|Oct/Nov 2002 • Poetry • Special Feature|
Girl in an Imaginary Painting
I wake each day to this museum: room after room
of unchanged, dusty light. I see them from my gilded
frame: doors opening on a multitude of paintings, the mute
sculptures that do not answer us no matter how we speak,
glass cases filled with pleasant, simple things like glazed
plates and ceramic animals. I know that there are other women here.
I have glimpsed them reading books in shafts of sunlight, walking
with parasols along a bright embankment. Some hold their infants
for eternity, while others lay in a more violent pose, ravaged
and lonely in the aftermath of rape.
But in this place I am the minority. Here there is no furniture
for me to recline upon, no chair in a parlor, no bed in a chamber.
I am alone with the sky, gray as the first pale notion of a storm.
I am climbing a hill, also a grayish hue, and my younger sister
is following me, catching at my skirt as though she feared
to be left behind. I don't know my destination, whether
I am running away or running toward. My cheeks are flushed
with some emotion--shame or love--and my hair escapes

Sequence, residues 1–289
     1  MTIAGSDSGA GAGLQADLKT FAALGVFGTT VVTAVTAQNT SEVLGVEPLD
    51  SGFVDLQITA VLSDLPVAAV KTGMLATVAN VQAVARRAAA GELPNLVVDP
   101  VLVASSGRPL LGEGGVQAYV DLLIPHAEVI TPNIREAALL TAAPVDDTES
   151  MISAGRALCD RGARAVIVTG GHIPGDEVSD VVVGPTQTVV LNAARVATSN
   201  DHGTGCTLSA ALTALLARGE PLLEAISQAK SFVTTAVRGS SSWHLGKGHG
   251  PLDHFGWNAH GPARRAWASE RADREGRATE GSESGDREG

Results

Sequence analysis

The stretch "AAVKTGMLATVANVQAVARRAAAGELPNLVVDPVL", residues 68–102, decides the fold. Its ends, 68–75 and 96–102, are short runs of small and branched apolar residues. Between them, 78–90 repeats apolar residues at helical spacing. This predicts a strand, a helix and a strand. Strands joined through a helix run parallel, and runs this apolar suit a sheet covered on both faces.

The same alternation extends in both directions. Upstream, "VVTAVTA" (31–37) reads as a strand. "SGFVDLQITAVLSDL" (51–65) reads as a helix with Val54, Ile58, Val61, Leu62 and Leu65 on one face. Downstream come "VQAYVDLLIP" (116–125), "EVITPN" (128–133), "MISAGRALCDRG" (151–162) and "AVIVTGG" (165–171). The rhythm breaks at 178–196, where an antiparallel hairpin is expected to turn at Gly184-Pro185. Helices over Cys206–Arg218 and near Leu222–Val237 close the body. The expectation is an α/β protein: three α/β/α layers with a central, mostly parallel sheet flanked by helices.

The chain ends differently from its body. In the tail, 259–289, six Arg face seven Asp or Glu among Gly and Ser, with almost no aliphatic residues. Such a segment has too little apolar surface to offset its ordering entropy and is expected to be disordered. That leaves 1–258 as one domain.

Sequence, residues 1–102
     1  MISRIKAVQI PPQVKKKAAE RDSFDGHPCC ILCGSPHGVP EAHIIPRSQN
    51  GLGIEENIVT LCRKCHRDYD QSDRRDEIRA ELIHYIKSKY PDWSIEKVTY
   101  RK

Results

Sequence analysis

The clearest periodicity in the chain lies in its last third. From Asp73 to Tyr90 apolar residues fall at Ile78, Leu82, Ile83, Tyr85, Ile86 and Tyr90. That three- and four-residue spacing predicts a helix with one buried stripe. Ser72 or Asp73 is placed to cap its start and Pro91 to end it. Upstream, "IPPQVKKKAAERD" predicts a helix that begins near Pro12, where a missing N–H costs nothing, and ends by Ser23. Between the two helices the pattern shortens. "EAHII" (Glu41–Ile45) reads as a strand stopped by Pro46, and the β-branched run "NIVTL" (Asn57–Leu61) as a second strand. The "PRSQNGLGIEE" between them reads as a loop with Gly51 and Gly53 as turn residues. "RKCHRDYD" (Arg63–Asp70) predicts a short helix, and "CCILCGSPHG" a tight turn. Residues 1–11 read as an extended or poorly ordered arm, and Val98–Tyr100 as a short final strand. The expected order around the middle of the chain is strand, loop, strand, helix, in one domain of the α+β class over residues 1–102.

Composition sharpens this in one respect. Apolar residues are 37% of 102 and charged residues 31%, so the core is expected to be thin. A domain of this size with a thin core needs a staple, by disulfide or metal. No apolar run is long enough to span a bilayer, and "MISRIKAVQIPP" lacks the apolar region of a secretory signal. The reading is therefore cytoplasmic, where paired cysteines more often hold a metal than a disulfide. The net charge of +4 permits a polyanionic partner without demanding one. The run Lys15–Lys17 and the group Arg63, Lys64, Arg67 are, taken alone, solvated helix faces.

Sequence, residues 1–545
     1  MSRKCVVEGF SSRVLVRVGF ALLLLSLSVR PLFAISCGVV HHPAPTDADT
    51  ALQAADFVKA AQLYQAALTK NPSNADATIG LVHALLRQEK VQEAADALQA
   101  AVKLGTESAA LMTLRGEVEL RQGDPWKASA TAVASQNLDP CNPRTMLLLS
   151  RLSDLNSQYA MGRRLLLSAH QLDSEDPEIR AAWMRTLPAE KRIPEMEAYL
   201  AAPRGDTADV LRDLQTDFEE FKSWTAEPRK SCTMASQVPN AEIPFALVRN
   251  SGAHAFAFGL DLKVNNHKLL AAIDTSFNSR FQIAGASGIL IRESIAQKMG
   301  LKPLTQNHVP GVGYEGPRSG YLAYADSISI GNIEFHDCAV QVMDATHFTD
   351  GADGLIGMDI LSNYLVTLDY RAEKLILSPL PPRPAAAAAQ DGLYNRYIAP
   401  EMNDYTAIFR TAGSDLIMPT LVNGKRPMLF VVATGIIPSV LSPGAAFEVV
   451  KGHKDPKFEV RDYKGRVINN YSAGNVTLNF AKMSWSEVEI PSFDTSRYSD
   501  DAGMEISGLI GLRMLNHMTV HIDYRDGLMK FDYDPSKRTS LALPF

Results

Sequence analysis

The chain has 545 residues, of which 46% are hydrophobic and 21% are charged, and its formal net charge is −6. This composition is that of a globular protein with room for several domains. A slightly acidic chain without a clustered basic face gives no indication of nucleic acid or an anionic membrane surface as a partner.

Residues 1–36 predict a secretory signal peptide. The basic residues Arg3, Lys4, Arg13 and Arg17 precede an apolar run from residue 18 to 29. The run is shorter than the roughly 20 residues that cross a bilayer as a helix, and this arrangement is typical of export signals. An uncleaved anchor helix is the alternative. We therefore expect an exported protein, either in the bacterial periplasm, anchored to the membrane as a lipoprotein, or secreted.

the ribbons that attempt to hold it back.
You might think I'm the sort of woman who needs to be rescued.
My dress is all ruffles, unsuitable for this austere hillside.
Flounces and tulle drag on the ground, heavy with dust.
The hint of a slipper peeks out beneath my skirt and I am clasping
white gloves in my left hand. Though one of them is beginning
to fall, I do not appear to have noticed its departure, do not
suppose that a new painting may soon be here, its title
"Lone Glove on a Gray Hill." Some days I want to stop this uphill
flight and roll back down, never mind what is waiting for me, never
what I have already left behind. I want to curl on my side, tucked
in my dress like a tiny cashew. I want the sun to rise at last
and dissipate these clouds.
But I am not without hope. My right hand is lifting, slightly,
toward my head. It appears to most observers that I mean
to tame my blowing hair and ribbons, to tuck wayward curls
where they belong. But I must believe otherwise.
The next time you see me, you won't even recognize me.
I'm taking off my bonnet; I'm ready to live.